To Full Term: A Mother’s Triumph over Miscarriage by Darci Klein and Mary Stephenson, MD (Berkeley Trade, 2007), is book I recommend primarily for women in the determined phase after their miscarriages, who want to hear a strong, steady voice describing one mother’s search for answers to her recurring losses.
Klein endured multiple heartbreaks. While her first pregnancy ended in a healthy child, she went into labor twelve weeks early and watched her baby’s first weeks from inside the walls of a NICU. Her second and third pregnancies ended in miscarriage, and her fourth pregnancy, twins this time, ended in a heartbreaking preterm labor at 20 weeks.
Her book begins as she finds out she is pregnant for the fifth time, just moving into a new house in a new city, and realizing she rapidly has to find a doctor to prescribe Heparin for Factor V Leiden, a clotting disorder that may have played a role in her losses. She has also been diagnosed with incompetent cervix, which leads to preterm labor.
Interweaved in the story are background facts, statistics about loss, the National Institutes of Health’s woeful funding on miscarriage, and what she feels is the incriminating lack of chromosomal testing on early miscarriages to separate women into those who had “bad luck,” and those who have a problem that can be treated to save pregnancies.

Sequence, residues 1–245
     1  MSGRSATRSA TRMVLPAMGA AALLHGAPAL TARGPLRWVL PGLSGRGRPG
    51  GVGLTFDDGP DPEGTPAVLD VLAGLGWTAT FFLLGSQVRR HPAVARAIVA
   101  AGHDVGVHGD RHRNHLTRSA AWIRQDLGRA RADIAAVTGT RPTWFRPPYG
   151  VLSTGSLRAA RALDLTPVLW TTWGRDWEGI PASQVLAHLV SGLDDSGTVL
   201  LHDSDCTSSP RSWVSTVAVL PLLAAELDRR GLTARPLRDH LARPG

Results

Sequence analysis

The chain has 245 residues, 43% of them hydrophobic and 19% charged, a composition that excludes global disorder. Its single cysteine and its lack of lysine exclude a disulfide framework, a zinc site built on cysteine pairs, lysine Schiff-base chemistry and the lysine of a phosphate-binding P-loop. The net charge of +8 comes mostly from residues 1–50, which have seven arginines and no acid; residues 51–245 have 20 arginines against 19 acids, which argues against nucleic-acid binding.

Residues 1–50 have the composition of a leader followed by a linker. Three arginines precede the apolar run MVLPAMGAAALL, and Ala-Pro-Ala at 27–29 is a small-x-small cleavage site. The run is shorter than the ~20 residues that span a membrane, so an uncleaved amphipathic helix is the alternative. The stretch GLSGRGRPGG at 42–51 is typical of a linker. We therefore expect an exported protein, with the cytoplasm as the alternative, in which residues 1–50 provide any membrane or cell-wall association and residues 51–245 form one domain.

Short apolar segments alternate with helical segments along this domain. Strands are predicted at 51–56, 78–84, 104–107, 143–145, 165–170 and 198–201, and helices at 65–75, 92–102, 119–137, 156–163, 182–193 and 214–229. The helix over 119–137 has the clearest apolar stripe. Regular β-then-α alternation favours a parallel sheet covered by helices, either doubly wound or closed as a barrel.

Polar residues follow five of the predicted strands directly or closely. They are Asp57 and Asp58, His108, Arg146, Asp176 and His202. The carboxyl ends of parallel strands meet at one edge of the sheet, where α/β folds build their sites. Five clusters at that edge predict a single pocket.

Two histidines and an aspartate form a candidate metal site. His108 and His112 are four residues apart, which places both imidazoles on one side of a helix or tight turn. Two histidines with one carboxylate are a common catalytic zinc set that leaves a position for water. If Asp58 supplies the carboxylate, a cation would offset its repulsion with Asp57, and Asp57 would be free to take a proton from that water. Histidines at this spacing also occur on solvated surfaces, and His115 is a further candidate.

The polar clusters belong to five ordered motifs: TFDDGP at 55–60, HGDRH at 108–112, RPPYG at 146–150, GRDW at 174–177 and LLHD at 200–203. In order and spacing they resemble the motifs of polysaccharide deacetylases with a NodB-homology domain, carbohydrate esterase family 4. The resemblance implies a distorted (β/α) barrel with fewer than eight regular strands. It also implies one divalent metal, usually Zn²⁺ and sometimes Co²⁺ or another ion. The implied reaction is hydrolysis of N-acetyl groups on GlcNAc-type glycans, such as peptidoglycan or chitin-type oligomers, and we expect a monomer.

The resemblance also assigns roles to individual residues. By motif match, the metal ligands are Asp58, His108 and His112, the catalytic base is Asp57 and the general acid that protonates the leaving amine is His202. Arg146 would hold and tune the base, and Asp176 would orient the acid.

One point Klein and I whole-heartedly agree upon—women should be tested more often to ensure they don’t have one of the easily treatable causes of recurring loss. But even though her book cites the ACOG, the guidelines obstetricians follow in testing for miscarriage, which recommends waiting for two or more miscarriages, I have personally found from the stories of thousands of women who visit this site, that it doesn’t take much to convince the doctor to do some testing even after one loss. I have long advocated that if your doctor is unresponsive or dismissive, it’s time to find a new one.
Klein’s story is passionate and clearly told. She was adamant that she not lose any more babies and demanded medical intervention to save them.
I do think, however, that her mixture of stats and story is not very helpful in the early days following your first loss. It’s hard to feel emotionally involved in her journey when you are constantly being fed facts in an order that might not be what you want to know, when you want to know it. Her writing is very edgy and strong, a voice that might be difficult to relate to during your saddest days.
But for those of you who have had two losses or more, those of you who are determined, frustrated, and maybe still a bit angry at your lack of answers or your care, then this book is well told and solidly researched tale of the journey.